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People v. Kelly

October 12, 2010

THE PEOPLE, PLAINTIFF AND RESPONDENT,
v.
MICAH AKEEM KELLY, DEFENDANT AND APPELLANT.
THE PEOPLE, PLAINTIFF AND RESPONDENT,
v.
ROBERT TRONGALE, DEFENDANT AND APPELLANT.



APPEAL from the Superior Court of San Bernardino County. Jon D. Ferguson, Judge. Reversed. (Super. Ct. No. FVA026530).

The opinion of the court was delivered by: Richli J.

CERTIFIED FOR PUBLICATION

OPINION

I. INTRODUCTION*fn1

Can the Recording Industry Association of America (RIAA), a trade association whose members are part of the music industry, obtain restitution for piracy from criminal defendants? We hold that RIAA was not a direct victim of defendants' crimes and reverse the restitution orders made by the trial court. In doing so, we distinguish People v. Ortiz (1997) 53 Cal.App.4th 791, 795-797 and consider the effect of an amended statute, section 1202.4, subdivision (r), effective January 1, 2009.

Defendant Micah Akeem Kelly (Kelly) pleaded nolo contendere and defendant Robert Trongale (Trongale)*fn2 pleaded guilty to criminal offenses for involving counterfeit compact discs. (§§ 350, subd. (a)(2), 653w, subd. (a).) As part of defendants' sentences, the court ordered them to pay $14,606.66 in restitution to RIAA. Defendants urge us to find the lower court abused its discretion by ordering restitution because RIAA was not a direct victim suffering an economic loss.

The appeals are authorized under section 1237, subdivisions (a) and (b), and California Rules of Court, rule 8.304(b)(4)(8).

II. FACTUAL AND PROCEDURAL BACKGROUND

The underlying facts are recited in an earlier opinion of this court. Kelly worked in a barber shop with Trongale. Trongale admitted storing 1,927 counterfeit compact discs at the barber shop. In March 2006 as a favor to Trongale, Kelly sold five counterfeit compact discs for $20 to an undercover police officer, posing as a customer. Kelly admitted having sold a total of 11 compact discs. (People v. Kelly (Mar. 24, 2008, E043200) [nonpub. opn.].)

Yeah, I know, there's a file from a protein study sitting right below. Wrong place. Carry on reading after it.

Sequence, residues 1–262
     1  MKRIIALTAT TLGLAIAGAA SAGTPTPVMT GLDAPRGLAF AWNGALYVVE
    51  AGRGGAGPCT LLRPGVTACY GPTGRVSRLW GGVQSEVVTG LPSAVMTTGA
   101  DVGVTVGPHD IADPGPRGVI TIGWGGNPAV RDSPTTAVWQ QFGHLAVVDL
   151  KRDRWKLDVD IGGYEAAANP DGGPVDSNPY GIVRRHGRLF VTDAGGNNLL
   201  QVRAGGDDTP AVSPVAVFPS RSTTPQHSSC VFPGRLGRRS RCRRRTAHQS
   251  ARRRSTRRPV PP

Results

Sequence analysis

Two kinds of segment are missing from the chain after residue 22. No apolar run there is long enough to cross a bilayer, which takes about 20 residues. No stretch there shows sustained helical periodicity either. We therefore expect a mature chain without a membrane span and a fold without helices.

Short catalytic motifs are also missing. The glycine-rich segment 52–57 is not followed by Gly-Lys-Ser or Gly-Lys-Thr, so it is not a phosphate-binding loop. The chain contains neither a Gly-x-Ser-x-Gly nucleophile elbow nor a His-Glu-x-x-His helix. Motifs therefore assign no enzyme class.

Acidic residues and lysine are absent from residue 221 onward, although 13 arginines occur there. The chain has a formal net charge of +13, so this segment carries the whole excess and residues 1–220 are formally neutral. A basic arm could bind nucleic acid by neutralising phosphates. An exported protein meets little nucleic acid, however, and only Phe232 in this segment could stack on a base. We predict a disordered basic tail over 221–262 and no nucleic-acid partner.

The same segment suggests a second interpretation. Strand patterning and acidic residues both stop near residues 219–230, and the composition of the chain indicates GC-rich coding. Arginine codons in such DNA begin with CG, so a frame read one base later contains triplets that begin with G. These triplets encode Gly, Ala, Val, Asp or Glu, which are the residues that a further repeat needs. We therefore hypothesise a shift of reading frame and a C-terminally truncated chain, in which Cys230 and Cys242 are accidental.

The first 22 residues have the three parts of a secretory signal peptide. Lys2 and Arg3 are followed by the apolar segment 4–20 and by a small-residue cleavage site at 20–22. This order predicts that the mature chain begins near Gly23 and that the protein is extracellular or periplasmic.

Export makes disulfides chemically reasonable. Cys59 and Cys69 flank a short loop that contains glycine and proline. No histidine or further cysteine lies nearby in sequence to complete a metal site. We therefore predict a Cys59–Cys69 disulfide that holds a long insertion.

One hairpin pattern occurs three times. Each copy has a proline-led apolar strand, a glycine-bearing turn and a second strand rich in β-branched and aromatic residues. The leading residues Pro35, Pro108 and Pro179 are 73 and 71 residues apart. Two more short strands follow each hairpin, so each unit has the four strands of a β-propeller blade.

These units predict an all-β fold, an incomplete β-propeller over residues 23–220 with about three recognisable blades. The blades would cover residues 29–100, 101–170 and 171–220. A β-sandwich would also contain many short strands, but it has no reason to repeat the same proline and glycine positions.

In earlier proceedings, a jury convicted Kelly of one count of violating section 653w, subdivision (a), California's criminal antipiracy statute. This court reversed the judgment for instructional error. (People v. Kelly, supra, E043200.)

Meanwhile, Trongale pleaded guilty in March 2007 to one count of violating section 350, subdivision (a)(2), counterfeit of a registered mark. As part of his sentence, in April 2007, he was ordered to pay $2,213 in victim restitution to RIAA, the amount originally requested by RIAA.

After the reversal of Kelly's conviction, in January 2009, he entered a plea of nolo contendere to violating section 653w, subdivision (a), and was sentenced to a two-year term, which had already been served.

At Kelly's restitution hearing June 2009, the RIAA submitted a letter seeking restitution. The RIAA identified itself as a nonprofit trade association that represents the United States recording industry. RIAA's primary function "is to investigate the illegal production and distribution of sound recordings,... When restitution is ordered, the RIAA receives the payments on behalf of its members pursuant to their authorization." The RIAA calculated a wholesale value of $7.58 for each of the 1,927 compact discs found in the barber shop. Based on RIAA's letter, the court ordered Kelly to pay a restitution fine of $14,606.66 to RIAA.*fn3

In September 2009, the court then modified Trongale's restitution order to provide that he and Kelly, jointly and severally, be ordered to pay the ...


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